by Laura Sillerman | bio

There has been a ban on solo opera encores at the Teatro alla Scala in Milan since 1933. (That’s thirty-three). At the Metropolitan Opera they’ve been banned for the bulk of the 20th century-plus (with the exception of Pavarotti’s second act aria in “Tosca” in ’94). Let’s just say the high C was an early victim of P.C. — a kind of sacrifice to the greater good, as it were.

Last week the tenor Juan Diego Florez scaled the heights of the high C nine times in “La Fille du Regiment” at the Met. The crowd elevated and exploded and, as had been agreed between Mr. Florez and the Met’s general manager, the will of the people was heard.

Mr. Gelb gave the stage manager a signal, the stage manager activated a podium light for the conductor, the conductor quizzed Mr. Florez by holding up two fingers and, after a smile from the tenor, the electricity flowed once more. All nine high C’s were achieved a second time.

How strange that, as celebrity has reached the level of deity, the world of opera strained to keep the individual from overshadowing the whole of the undertaking. How odd that an art form built on vocal high wire acts, with a roster of gods and goddesses, banned the moment when the audience might petition for more of a great thing.

The accepted explanation is that the practice of opera became more serious after the 19th century. Once the arias were surrounded by some gravitas, we couldn’t have the public just stopping performances willy-nilly, presumably.

But things have changed. Perhaps the public, chastened by being denied the right to demand “one more time,” can now be trusted to show enthusiasm only when it is truly deserved. More likely, as this sad old world gets sadder by the minute, we are realizing that the truly great moments don’t happen very often at all, and if we think to request a reprise out of appreciation and excitement, we deserve to have it.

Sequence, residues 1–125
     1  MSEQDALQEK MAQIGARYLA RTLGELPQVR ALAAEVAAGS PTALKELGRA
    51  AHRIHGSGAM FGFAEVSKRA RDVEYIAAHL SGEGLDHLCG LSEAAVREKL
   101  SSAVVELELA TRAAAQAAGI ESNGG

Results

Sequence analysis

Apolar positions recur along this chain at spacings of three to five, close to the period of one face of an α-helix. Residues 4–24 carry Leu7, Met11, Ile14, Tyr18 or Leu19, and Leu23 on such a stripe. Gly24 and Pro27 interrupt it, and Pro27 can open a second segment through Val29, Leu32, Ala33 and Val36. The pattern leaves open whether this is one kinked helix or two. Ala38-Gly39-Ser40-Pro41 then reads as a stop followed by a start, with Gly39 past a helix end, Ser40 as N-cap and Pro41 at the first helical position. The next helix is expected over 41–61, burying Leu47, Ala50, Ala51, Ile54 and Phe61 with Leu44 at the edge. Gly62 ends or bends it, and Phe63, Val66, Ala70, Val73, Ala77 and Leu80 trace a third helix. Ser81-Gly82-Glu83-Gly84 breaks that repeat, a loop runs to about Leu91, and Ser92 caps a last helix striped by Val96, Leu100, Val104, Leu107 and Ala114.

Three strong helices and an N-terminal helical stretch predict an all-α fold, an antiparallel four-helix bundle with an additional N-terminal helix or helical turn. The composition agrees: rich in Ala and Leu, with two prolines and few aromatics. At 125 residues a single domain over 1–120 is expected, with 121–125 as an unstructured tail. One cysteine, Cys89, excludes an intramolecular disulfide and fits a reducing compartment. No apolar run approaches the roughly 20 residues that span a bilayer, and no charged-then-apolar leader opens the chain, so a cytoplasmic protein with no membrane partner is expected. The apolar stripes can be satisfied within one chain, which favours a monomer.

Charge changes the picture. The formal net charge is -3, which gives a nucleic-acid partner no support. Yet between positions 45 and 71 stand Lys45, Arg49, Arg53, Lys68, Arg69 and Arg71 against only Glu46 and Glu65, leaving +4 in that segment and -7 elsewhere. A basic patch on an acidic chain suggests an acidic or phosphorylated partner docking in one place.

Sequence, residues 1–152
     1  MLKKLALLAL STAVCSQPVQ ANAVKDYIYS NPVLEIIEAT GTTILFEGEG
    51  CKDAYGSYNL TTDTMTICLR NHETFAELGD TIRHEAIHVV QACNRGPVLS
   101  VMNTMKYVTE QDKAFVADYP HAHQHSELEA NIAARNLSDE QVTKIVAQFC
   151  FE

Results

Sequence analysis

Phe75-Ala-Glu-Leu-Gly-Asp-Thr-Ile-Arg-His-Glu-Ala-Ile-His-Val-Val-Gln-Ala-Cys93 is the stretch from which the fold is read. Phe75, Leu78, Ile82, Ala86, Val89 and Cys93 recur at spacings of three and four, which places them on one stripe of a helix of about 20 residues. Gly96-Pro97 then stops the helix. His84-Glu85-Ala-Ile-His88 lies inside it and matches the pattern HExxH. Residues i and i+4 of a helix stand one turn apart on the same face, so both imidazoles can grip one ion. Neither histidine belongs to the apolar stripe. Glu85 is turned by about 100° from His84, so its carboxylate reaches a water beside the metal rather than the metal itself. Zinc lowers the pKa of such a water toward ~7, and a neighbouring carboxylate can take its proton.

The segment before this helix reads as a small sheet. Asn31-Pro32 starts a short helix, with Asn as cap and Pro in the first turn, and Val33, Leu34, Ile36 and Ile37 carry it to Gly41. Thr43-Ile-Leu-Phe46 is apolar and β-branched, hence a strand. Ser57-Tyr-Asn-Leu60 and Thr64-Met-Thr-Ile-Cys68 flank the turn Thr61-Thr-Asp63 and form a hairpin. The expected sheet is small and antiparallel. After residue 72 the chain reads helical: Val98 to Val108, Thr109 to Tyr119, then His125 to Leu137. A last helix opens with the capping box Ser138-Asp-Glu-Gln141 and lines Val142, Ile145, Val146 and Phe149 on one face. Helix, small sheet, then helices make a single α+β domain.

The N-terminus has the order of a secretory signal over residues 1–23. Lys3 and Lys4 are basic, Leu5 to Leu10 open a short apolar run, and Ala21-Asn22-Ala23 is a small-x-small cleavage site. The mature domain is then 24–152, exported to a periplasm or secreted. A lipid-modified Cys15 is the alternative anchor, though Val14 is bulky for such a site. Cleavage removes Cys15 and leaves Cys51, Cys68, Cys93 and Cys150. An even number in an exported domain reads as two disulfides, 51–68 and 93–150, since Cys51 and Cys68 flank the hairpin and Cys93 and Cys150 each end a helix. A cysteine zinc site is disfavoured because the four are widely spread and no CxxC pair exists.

Ah yes, the cynics among us can say, the more solo encores, the more people will go to see the soloists, the more profitable opera will be. Maybe so, but as Women’s Voices for Change knows, you’ve got to believe in encores to deserve them. Maybe, just maybe, the stars will strive to be deserving in new ways, maybe the audiences will as well.

Maybe all of us should consider life — the all of it, including the parts that are abut singing a generous song, as a libretto we are writing and a score we are singing. The important part is that we decide how many high notes to hit — and the encore is there for the taking.

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